6/16 Web Round-up

Posted by · 10:00 am · June 16th, 2009

Bengt Ekerot in The Seventh SealTom O’Neil ponders the awards prospects of comedy box office hit “The Hangover.” [Gold Derby]

Eugene Hernandez talks to Dennis Hopper at CineVegas. [indieWIRE]

Joe Flint, meanwhile, chastises Heather Graham for again playing the girl with the heart of gold from the wrong side of the tracks. [Company Town]

Miki Turner talks “Whatever Works” (which doesn’t really work) with Larry David. [MSNBC]

Nathaniel Rogers runs an early screening review of “Brüno.” [The Film Experience]

A.O. Scott takes a look back at “Dog Day Afternoon.” [New York Times]

Detroit’s woes didn’t keep bad-ass muscle cars from the screen in “Transformers: Revenge of the Fallen.” [USA Today]

As the film makes its way to Blu-ray, Glenn Kenny dives back into “The Seventh Seal.” [Some Came Running]




→ 4 Comments Tags: , , , , , , , , , | Filed in: Daily

4 responses so far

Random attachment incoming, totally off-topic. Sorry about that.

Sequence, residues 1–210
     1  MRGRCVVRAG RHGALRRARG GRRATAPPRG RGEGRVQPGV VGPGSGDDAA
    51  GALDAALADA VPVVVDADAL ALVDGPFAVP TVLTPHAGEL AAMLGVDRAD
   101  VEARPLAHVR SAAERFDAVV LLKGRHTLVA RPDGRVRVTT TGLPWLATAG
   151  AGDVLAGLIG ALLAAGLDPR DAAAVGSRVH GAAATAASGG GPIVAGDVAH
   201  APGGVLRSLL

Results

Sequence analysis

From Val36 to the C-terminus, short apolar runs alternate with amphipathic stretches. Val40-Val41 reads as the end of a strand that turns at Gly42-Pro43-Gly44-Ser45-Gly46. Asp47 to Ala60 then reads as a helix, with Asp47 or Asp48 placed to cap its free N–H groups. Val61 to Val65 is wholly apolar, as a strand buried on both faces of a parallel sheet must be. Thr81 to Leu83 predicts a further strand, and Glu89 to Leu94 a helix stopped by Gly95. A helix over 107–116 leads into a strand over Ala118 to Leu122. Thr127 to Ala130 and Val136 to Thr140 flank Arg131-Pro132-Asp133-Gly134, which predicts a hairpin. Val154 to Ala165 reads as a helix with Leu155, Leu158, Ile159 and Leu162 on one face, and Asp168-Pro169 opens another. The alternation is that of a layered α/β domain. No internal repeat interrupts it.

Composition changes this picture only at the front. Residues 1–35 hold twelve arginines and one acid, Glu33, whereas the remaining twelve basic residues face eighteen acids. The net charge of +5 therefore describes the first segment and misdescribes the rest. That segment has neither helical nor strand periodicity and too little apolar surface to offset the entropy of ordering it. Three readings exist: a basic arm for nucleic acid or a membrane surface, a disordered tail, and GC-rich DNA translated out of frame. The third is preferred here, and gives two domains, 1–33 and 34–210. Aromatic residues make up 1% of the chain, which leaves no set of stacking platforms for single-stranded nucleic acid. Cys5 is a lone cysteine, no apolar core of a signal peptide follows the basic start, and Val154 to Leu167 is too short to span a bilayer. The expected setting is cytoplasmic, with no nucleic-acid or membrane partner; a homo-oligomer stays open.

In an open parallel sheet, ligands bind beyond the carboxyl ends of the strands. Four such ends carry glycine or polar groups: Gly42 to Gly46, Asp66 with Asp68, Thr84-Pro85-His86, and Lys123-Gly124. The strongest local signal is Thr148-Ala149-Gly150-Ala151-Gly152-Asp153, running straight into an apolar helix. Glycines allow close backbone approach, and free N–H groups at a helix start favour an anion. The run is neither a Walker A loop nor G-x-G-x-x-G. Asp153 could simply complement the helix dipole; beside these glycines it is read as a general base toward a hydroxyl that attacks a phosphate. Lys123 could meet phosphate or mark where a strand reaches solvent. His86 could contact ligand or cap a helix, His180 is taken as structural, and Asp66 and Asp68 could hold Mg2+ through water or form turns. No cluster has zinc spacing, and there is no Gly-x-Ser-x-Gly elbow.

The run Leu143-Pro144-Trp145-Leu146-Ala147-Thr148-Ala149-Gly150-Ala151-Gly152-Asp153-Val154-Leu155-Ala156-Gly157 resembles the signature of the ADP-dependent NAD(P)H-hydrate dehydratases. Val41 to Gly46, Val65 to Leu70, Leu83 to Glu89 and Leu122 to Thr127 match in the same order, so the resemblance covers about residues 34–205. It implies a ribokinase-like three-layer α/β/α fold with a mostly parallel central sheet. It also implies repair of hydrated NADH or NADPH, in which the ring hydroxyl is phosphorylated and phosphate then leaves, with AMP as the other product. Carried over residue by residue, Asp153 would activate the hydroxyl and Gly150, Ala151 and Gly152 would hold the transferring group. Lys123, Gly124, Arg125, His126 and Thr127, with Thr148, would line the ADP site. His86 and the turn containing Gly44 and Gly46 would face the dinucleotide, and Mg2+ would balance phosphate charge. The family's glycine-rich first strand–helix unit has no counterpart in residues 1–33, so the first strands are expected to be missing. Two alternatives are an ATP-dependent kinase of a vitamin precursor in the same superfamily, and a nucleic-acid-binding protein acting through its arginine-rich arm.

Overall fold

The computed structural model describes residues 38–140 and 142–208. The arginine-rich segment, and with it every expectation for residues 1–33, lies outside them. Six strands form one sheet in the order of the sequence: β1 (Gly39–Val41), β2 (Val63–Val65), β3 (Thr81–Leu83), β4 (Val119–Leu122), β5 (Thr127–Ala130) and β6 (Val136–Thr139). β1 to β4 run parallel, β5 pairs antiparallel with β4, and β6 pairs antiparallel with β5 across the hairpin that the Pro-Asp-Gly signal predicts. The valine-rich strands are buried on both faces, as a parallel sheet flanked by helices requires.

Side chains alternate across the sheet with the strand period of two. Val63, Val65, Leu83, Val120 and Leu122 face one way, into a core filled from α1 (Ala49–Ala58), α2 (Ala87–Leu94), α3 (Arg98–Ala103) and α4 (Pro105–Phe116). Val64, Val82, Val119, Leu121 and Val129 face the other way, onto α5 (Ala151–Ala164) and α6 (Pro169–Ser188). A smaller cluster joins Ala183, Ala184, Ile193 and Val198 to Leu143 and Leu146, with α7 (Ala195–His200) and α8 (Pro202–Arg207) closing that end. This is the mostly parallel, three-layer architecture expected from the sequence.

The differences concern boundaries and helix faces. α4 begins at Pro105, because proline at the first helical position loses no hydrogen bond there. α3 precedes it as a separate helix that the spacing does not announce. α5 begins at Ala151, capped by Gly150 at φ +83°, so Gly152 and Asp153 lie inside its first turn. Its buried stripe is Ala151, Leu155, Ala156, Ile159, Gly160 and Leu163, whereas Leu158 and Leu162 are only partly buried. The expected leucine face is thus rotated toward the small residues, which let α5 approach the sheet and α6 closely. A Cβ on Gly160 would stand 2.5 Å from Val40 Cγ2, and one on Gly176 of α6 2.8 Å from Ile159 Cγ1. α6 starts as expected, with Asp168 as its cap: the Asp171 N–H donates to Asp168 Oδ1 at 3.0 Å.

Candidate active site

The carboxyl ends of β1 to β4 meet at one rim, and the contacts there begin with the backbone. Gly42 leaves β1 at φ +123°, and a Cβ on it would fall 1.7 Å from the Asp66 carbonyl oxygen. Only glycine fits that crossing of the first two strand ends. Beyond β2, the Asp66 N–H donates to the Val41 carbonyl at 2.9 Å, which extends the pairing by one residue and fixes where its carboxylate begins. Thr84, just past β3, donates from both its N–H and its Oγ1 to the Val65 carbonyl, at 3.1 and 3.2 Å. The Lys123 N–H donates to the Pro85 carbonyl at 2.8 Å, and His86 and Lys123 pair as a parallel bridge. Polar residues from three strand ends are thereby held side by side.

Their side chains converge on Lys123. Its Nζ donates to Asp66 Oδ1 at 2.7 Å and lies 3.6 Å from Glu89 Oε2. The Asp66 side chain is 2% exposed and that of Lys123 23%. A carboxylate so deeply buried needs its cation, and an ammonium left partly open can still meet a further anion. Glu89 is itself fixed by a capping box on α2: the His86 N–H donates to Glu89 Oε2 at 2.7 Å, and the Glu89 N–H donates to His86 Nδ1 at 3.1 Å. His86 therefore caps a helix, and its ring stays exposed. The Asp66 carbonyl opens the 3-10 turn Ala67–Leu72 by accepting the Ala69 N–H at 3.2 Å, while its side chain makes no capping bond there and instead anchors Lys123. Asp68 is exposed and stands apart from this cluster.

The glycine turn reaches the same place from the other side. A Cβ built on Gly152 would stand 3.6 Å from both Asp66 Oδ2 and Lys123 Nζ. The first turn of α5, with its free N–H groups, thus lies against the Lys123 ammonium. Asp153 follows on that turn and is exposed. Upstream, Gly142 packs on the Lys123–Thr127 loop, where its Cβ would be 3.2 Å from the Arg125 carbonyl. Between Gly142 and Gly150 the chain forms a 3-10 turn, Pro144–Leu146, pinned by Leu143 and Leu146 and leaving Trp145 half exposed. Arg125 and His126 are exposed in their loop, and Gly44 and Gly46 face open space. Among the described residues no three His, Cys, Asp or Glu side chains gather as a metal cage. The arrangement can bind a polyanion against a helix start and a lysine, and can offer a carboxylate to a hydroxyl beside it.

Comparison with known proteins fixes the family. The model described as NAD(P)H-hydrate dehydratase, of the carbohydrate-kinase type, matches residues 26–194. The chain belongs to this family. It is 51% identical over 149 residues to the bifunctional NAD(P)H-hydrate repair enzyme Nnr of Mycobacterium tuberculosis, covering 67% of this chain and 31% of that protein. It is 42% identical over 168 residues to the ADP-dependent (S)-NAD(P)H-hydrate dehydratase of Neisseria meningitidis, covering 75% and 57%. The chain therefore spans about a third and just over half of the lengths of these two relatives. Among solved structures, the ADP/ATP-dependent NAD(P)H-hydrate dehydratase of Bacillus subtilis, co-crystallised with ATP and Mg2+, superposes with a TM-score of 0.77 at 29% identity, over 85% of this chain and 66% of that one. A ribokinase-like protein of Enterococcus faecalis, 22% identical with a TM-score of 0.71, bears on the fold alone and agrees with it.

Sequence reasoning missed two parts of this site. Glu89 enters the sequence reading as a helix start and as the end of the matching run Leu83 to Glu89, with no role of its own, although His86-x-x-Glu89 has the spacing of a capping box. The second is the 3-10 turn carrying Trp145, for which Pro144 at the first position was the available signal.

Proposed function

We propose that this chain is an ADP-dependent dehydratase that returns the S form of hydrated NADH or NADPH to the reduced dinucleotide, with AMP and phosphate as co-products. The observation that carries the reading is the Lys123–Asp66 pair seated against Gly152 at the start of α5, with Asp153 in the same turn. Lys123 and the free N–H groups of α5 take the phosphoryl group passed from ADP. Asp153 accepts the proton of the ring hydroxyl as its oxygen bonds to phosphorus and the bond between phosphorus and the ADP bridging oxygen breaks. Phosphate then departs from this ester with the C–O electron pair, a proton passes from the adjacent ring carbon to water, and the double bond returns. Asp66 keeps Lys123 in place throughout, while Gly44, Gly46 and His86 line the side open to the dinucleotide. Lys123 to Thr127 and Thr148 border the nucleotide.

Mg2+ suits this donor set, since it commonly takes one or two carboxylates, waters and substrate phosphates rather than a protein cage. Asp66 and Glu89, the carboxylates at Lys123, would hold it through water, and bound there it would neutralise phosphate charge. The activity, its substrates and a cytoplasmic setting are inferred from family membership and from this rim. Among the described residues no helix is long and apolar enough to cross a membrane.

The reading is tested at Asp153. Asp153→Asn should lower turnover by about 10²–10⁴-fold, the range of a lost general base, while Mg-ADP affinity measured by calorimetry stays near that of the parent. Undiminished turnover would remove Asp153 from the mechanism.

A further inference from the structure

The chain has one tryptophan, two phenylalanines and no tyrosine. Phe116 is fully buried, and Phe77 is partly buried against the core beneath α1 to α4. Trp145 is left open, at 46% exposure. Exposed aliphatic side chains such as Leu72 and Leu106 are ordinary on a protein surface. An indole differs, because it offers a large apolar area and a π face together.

• 1 6-16-2009 at 10:28 am

    RichardA said...

    I’m drumming for The Hangover as this year’s the “little miss movie” that could. I’m looking at this year’s top contenders and I could easily see them fall by the way side when released–and that’s when a generally well received movie with box office gross exceeding 2 million will make it in the short list.

  • 2 6-16-2009 at 11:21 am

    Brando said...

    The Hanogover will not be the little movie that could. The studio already new that would be sucessful, that’s why they were talking about a sequel even before the movie came out. And it’s a guys movie, just like Wedding Crashers and that kind. We should not exaggerate

  • 3 6-16-2009 at 7:15 pm

    El Rocho said...

    Loved ‘The Hangover’. It was just plain funny. Real humor. I loved it.

  • 4 6-16-2009 at 9:20 pm

    Alex said...

    I think the quality of the films being released has been on a steady decline for the past few years. Accordingly, whenever a decent, above average film comes along, it is exalted. The Hangover was good, but not that good. Then again, it was much better than The Reader.